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Rice HYDROPEROXIDE LYASES with Unique Expression Patterns Generate Distinct Aldehyde Signatures in Arabidopsis

Chehab, E.W., Raman, G., Walley, J.W., Perea, J.V., Banu, G., Theg, S., Dehesh, K.
Plant physiology 2006 v.141 no.1 pp. 121-134
Arabidopsis thaliana, green fluorescent protein, linoleic acid, lyases, rice, linolenic acid, sequence alignment, substrate specificity, Oryza sativa, metabolites, genes, roots, aldehydes, leaves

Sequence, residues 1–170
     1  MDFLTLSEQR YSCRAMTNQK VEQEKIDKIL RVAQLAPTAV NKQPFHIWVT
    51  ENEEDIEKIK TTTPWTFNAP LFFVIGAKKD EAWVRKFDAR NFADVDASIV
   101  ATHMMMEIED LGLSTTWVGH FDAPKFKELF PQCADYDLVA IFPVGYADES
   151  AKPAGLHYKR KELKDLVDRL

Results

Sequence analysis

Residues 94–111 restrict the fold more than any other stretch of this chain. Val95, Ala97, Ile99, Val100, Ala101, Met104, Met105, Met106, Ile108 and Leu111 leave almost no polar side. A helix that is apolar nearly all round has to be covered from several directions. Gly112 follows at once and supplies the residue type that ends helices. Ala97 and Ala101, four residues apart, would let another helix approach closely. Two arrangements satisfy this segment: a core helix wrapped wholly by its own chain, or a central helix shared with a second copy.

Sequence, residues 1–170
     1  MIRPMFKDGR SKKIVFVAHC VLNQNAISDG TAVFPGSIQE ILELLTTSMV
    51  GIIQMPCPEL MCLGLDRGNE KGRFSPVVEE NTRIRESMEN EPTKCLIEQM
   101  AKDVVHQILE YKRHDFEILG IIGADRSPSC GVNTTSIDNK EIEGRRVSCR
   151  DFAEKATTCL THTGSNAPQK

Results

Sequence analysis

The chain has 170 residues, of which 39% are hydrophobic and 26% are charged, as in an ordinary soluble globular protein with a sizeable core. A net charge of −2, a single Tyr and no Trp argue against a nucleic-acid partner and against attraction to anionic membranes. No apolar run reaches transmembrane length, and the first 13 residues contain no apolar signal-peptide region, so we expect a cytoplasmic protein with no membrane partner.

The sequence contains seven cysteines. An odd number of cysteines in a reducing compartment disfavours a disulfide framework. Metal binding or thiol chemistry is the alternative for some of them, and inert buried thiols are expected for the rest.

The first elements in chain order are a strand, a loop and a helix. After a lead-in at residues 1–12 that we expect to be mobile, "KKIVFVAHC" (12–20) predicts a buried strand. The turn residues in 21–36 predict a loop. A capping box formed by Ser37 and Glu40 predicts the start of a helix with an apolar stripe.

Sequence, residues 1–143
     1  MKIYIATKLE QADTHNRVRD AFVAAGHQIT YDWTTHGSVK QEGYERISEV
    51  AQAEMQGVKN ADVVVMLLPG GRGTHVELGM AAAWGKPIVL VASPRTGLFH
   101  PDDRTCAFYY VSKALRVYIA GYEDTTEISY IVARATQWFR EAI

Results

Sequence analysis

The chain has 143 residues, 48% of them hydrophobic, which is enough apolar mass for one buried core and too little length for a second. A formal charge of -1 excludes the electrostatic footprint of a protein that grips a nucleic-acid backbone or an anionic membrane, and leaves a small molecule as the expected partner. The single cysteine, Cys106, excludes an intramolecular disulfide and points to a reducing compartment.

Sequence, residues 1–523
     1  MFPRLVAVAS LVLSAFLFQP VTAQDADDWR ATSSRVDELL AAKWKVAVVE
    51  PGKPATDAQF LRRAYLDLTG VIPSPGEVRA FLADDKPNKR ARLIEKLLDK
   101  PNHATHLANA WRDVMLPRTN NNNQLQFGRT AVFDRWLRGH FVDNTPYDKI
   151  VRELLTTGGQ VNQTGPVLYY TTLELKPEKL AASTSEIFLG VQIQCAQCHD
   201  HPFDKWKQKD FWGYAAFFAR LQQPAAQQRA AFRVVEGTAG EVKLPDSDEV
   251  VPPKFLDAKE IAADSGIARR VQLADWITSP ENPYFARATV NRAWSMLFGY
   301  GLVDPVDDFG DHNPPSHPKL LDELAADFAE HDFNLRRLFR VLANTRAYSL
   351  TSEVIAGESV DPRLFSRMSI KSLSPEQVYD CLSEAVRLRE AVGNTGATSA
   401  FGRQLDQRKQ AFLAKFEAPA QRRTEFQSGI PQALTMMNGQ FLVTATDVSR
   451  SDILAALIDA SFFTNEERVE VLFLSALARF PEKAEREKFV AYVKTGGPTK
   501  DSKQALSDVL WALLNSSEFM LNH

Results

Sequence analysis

HYDROPEROXIDE LYASE (HPL) genes encode enzymes that catalyze the cleavage of fatty acid hydroperoxides into aldehydes and oxoacids. There are three HPLs in rice (Oryza sativa), designated OsHPL1 through OsHPL3. To explore the possibility of differential functional activities among these genes, we have examined their expression patterns and biochemical properties of their encoded products. Transcript analysis indicates that these genes have distinct patterns and levels of expression. OsHPL1 is ubiquitously expressed, OsHPL2 is expressed in the leaves and leaf sheaths, whereas OsHPL3 is wound inducible and expressed exclusively in leaves. OsHPLs also differ in their substrate preference as determined by in vitro enzyme assays using 9-/13-hydroperoxy linolenic and 9-/13-hydroperoxy linoleic acids as substrates. OsHPL1 and OsHPL2 metabolize 9-/13-hydroperoxides, whereas OsHPL3 metabolizes 13-hydroperoxy linolenic acid exclusively. Sequence alignments of the HPL enzymes have identified signature residues potentially responsible for the substrate specificity/preference of these enzymes. All three OsHPLs are chloroplast localized as determined by chloroplast import assays and green fluorescent protein (GFP) fusion studies. Aldehyde measurements in transgenic Arabidopsis (Arabidopsis thaliana) plants overexpressing individual OsHPL-GFP fusions indicate that all rice HPLs are functional in a heterologous system, and each of them generates a distinct signature of the metabolites. Interestingly, these aldehydes were only detectable in leaves, but not in roots, despite similar levels of OsHPL-GFP proteins in both tissues. Similarly, there were undetectable levels of aldehydes in rice roots, in spite of the presence of OsHPL1 transcripts. Together, these data suggest that additional tissue-specific mechanism(s) beyond transcript and HPL enzyme abundance, regulate the levels of HPL-derived metabolites.